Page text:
TIT FOR TAT. Indonesian officials see poetic justice for Japan: Toyota Motor Corp. has resisted demands from its Indonesian partner, Astra International, to rev up exports of the $19,000 Toyota Kijang utility vehicle, because that would mean it would be competing with other Toyota assemblers in Asia. For its part, the government defends the Kia deal, saying Indonesia has no time to lose if it is to get ready for lowering its trade barriers to fellow members of the Association of Southeast Asian Nations in 2003.
Getting the Timor project up and running will be difficult. It is already behind schedule, and supply will probably not meet demand, says F. Soeseno, secretary-general of the Association of Indonesian Automotive Industries. Kia-Timor Motor will be allowed to import 40,000 of the 1.5-liter sedans until June, 1997, by which time the company is supposed to have started assembly at a new plant that has yet to be built. The percentage of Indonesian-made parts is to increase steadily to 60% by September, 1999--a schedule Toyota officials say will be impossible to keep. Critics also say the Timor will be hamstrung without strong distribution and service networks.
But Kia vows to make the deal work and is staking $400 million to build the assembly plant. To meet local content requirements, it plans to help 30 Korean parts suppliers form joint ventures with Indonesian companies. One reason Kia is so determined is that it is getting squeezed in the home market by Hyundai Motor and Daewoo Motor--and now the mighty Samsung group is charging into the auto industry. Some analysts believe Kia's very survival as an independent manufacturer may hinge on making the Indonesian deal work. Small wonder that Kia Executive Vice-President Kim Seung-Ahn says: "Kia is fully committed to helping Indonesia develop a national car."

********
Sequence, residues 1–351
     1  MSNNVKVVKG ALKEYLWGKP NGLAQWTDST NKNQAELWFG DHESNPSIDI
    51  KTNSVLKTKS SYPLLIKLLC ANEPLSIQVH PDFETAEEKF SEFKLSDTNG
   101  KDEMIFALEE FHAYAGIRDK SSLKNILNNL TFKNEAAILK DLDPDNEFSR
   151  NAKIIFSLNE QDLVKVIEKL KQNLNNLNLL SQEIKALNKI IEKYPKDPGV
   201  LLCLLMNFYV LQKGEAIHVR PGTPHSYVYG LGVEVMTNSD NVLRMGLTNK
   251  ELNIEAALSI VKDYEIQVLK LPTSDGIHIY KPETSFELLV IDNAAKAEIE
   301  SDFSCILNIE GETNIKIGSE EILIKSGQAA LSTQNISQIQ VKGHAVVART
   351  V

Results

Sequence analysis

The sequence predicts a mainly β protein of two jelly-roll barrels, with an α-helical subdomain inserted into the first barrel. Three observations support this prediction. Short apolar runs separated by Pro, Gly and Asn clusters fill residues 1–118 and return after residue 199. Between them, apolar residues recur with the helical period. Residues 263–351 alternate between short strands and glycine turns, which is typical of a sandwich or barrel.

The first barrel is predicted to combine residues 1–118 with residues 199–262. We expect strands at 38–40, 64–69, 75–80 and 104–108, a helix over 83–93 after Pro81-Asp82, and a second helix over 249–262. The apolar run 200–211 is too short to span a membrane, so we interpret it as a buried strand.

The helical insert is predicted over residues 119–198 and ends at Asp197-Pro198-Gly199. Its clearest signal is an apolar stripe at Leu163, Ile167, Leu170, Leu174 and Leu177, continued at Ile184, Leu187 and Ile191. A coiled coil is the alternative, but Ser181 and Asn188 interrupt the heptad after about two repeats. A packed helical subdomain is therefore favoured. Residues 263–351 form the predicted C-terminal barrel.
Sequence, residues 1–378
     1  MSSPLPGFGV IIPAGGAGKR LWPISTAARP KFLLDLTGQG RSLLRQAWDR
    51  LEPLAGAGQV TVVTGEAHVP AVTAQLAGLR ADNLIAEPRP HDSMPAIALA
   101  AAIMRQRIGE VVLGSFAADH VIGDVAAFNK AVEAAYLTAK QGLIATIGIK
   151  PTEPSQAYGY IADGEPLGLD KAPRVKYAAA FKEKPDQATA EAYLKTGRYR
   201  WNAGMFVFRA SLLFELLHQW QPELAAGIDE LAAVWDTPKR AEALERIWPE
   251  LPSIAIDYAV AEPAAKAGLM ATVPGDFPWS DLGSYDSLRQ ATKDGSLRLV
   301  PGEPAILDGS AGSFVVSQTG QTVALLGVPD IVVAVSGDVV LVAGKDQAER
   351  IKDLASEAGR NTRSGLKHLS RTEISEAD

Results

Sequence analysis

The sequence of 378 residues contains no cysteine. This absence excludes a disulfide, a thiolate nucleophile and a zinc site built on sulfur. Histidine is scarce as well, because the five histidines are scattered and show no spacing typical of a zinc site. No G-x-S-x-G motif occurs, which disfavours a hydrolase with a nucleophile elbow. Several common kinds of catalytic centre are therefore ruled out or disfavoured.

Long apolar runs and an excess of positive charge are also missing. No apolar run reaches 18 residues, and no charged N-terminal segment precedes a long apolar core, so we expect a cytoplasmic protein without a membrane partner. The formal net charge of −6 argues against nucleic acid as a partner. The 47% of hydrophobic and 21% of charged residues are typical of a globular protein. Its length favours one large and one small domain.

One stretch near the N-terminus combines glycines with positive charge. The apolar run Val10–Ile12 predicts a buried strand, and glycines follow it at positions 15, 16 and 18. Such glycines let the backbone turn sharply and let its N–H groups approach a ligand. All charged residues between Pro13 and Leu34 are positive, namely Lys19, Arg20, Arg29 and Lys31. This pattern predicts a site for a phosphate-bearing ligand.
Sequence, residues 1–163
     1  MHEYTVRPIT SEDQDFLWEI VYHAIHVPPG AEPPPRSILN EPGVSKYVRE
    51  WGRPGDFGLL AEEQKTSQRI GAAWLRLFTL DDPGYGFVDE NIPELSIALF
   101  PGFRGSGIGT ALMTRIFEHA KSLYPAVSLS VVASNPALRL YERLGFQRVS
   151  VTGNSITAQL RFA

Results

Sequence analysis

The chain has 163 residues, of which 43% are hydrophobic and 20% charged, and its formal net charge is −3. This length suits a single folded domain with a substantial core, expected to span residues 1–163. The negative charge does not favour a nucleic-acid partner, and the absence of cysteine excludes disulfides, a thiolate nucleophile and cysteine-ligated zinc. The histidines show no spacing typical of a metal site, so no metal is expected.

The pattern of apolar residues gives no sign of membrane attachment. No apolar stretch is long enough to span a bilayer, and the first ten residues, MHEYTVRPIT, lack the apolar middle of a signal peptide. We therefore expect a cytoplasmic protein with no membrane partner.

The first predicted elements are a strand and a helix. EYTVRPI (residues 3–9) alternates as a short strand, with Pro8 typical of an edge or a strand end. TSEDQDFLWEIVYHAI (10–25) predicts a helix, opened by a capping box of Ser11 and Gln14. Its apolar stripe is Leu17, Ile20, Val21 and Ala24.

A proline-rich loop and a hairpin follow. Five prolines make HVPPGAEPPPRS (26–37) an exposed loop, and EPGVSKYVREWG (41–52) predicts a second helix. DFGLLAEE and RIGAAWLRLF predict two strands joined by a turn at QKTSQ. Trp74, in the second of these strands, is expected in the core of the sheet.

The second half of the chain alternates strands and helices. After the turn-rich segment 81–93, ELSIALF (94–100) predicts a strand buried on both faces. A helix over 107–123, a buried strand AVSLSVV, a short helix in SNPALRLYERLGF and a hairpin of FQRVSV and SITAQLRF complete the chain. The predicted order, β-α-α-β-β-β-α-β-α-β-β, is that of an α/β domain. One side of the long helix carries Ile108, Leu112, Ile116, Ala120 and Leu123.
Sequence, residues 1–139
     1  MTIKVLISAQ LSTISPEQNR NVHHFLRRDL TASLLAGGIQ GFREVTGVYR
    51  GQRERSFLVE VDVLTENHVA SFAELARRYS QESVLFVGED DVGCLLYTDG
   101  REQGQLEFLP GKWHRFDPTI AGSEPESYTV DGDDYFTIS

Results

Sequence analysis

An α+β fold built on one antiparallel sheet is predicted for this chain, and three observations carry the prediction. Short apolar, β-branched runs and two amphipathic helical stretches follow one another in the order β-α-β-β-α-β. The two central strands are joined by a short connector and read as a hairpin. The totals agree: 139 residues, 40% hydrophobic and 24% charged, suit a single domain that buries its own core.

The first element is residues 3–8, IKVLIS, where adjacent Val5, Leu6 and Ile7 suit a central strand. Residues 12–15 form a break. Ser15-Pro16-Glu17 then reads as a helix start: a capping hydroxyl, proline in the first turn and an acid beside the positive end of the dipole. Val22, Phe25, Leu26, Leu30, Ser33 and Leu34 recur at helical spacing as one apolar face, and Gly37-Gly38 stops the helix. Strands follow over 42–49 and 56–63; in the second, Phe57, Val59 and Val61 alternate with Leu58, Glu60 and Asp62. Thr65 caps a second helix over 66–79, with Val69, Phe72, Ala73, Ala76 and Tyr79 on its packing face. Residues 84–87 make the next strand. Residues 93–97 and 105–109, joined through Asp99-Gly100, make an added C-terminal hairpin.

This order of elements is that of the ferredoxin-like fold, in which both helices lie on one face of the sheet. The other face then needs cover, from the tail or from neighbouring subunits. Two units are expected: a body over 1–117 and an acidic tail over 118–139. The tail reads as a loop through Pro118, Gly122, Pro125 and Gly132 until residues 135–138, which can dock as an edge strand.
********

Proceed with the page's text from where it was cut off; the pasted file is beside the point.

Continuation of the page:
Some of Kia's backers, however, say they are against the Timor deal. Ford owns 33.4% of Mazda and 9.4% of Kia. Mazda in turn owns 7.5% of Kia. Indonesian officials hint that Ford and Mazda are quietly pleased with their backdoor entrance into Indonesia, through Kia. But both Ford and Mazda deny that. "What we would get is peanuts," says Terry Emrick, Ford's top executive in Indonesia. "It has absolutely no effect." Ford executives add that most Indonesian consumers still won't be seeing their company's branded products.
STEPPING BACK. Ultimately, industry analysts expect the government to yield to the international uproar, possibly by keeping the national car program in place but at the same time reducing tariffs on competing models. The Americans might not be big beneficiaries if they are too heavy-handed and anger the Indonesians. Although Japan protested forcefully at first, Tokyo seems to be stepping back and letting Washington confront Suharto, says Andrew H. Card Jr., chief executive of the American Automobile Manufacturers Assn. "Japan doesn't have a long history of standing at the front of the line," says Card.
Moreover, unlike the Americans, Toyota has not put its plans on hold for a new plant near Jakarta. So while the Big Three sulk, Toyota could quietly increase the local content of its Kijang beyond the 60% level, allowing it to be sold free of duty and luxury taxes. "The Indonesians will in one way or another have to accommodate the Japanese," concludes John Bonnell, director of Southeast Asia for Automotive Resources Asia Ltd. in Bangkok. So, too, are the Koreans likely to persevere. The key question is whether the Americans will prove as adept at playing the game Indonesian-style.